"When Dean Kamen, an American inventor, unveiled the ultra-secret Segway human transporter in December 2001 [after spending more than ten years and $100 million on its development], it was supposed to herald a transport revolution. It would, Mr Kamen declared, 'be to the car what the car was to the horse and buggy'. John Doerr, the venture capitalist behind Amazon.com and Google, predicted that Segway, the eponymous company established to build the battery-powered super-scooters, would reach $1 billion in sales more quickly than any corporation in history. To handle the imminent consumer onslaught, Segway's factory in Bedford, New Hampshire, geared up to build 40,000 units a month.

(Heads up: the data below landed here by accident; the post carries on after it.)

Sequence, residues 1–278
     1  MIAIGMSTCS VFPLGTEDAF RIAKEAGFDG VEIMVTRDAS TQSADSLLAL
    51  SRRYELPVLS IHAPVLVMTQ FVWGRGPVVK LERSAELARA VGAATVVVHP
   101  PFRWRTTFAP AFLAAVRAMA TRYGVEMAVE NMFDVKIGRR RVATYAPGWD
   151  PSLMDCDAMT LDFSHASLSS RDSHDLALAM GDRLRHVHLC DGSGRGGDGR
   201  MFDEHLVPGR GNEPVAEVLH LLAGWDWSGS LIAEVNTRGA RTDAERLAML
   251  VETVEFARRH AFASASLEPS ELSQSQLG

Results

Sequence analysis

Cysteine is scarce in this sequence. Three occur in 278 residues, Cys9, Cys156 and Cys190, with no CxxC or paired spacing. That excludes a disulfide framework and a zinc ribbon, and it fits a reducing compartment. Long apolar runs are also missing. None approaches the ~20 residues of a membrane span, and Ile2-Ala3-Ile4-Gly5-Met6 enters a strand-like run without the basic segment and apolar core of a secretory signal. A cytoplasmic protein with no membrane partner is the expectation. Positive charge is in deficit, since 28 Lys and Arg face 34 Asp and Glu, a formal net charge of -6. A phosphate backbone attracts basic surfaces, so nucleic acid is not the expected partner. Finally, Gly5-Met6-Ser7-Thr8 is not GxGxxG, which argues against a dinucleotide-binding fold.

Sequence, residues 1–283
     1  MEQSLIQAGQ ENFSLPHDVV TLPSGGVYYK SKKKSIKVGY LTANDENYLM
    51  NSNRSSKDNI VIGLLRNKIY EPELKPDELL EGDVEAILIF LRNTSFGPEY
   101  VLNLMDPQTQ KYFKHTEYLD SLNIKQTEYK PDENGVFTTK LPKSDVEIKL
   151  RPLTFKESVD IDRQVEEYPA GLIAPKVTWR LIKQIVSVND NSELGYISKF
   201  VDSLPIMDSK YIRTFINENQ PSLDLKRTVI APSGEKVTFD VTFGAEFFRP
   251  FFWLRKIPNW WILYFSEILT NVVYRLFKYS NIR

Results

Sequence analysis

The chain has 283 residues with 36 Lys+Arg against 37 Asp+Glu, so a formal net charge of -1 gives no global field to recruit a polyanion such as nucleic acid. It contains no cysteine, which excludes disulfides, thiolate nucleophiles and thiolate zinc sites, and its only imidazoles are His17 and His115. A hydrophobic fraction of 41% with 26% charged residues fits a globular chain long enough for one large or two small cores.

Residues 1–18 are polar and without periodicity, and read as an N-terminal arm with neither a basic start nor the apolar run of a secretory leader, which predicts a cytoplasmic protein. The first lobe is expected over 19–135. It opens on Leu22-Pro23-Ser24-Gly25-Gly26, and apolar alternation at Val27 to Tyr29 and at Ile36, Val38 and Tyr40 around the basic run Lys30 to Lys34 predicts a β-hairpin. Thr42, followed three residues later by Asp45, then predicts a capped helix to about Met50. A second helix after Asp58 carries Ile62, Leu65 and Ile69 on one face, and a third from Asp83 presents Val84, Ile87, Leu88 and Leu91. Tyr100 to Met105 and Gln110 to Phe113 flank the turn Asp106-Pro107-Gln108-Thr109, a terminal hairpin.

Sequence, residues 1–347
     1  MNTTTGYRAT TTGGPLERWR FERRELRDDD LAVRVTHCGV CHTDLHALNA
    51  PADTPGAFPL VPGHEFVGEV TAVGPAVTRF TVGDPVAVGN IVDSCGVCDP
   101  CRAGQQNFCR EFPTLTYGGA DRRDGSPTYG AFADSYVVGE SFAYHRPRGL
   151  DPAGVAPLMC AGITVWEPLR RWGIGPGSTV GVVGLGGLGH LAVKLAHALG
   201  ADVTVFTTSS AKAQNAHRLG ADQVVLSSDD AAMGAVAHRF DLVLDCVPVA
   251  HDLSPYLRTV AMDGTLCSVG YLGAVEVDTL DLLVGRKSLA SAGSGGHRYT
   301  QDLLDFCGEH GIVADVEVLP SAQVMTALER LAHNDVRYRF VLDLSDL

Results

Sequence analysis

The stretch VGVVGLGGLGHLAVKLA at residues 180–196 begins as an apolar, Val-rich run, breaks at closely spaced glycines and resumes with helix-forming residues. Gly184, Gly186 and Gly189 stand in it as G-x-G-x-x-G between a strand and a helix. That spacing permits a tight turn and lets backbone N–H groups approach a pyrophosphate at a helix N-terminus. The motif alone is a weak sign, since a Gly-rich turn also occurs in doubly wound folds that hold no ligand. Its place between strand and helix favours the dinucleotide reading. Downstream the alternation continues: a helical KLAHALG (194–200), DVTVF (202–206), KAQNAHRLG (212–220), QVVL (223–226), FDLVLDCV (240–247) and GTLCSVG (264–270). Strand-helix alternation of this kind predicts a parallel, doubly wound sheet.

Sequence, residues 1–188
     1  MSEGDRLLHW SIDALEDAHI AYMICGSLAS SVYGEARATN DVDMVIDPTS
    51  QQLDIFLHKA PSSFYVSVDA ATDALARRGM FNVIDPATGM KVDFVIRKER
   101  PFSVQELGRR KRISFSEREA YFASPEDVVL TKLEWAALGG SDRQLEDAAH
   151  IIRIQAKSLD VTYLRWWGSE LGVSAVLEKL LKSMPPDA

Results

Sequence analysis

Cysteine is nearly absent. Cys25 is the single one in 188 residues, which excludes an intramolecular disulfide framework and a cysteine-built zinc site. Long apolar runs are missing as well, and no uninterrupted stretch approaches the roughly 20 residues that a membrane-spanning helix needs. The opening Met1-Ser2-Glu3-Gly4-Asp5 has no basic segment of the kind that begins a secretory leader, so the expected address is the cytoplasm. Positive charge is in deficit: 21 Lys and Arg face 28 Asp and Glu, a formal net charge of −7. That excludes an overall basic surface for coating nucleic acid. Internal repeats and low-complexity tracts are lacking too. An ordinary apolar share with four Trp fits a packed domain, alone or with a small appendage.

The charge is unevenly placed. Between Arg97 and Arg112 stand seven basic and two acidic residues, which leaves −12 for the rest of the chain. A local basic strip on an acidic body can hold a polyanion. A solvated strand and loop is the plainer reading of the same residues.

"There was no need, as it turned out. By the autumn of 2003, when Segway voluntarily recalled all the units it had sold to repair a problem that occasionally caused riders to fall off when the machine's batteries ran low, it transpired that only 6,000 of its human transporters had been sold, at an average of $4,500 each."